Developmental synchrony, and recurrent insect outbreaks caused by temperature-driven changes in system stability
Insect species often undergo regular outbreaks in population density. Identifying the causal mechanism for such outbreaks in a particular species has proven difficult. The tea tortrix Adoxophyes honmai exhibits exceptionally regular outbreak cycles on Japanese tea plantations caused by lock-step developmental synchrony of each generation. We apply time series analysis and parameterize a temperature-dependent stage-structured model for the system to understand the outbreak cycles.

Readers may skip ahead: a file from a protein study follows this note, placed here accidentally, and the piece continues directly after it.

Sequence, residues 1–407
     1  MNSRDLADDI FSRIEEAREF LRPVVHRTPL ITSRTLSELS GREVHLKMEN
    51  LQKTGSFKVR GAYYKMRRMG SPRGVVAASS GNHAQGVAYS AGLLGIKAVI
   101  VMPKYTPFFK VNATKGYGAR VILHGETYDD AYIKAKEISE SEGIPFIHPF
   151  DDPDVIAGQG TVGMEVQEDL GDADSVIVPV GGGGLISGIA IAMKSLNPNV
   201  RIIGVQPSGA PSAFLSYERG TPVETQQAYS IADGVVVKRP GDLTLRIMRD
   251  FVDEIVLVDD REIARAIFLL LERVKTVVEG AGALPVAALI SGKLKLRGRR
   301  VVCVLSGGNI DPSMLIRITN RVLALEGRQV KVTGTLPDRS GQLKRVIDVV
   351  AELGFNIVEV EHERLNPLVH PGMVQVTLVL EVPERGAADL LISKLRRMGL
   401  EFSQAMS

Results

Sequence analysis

Wavelet analysis of a 51 year long time series confirms that there is a threshold in outbreak amplitude each spring when temperature exceeds 15°C, and a secession of outbreaks each fall as temperature decreases. This is in close agreement with our independently parameterized mathematical model that predicts the system crosses a Hopf bifurcation from stability to sustained cycles as temperature increases. Our study is a unique illustration of how temperature may drive a plant-herbivore system to instability.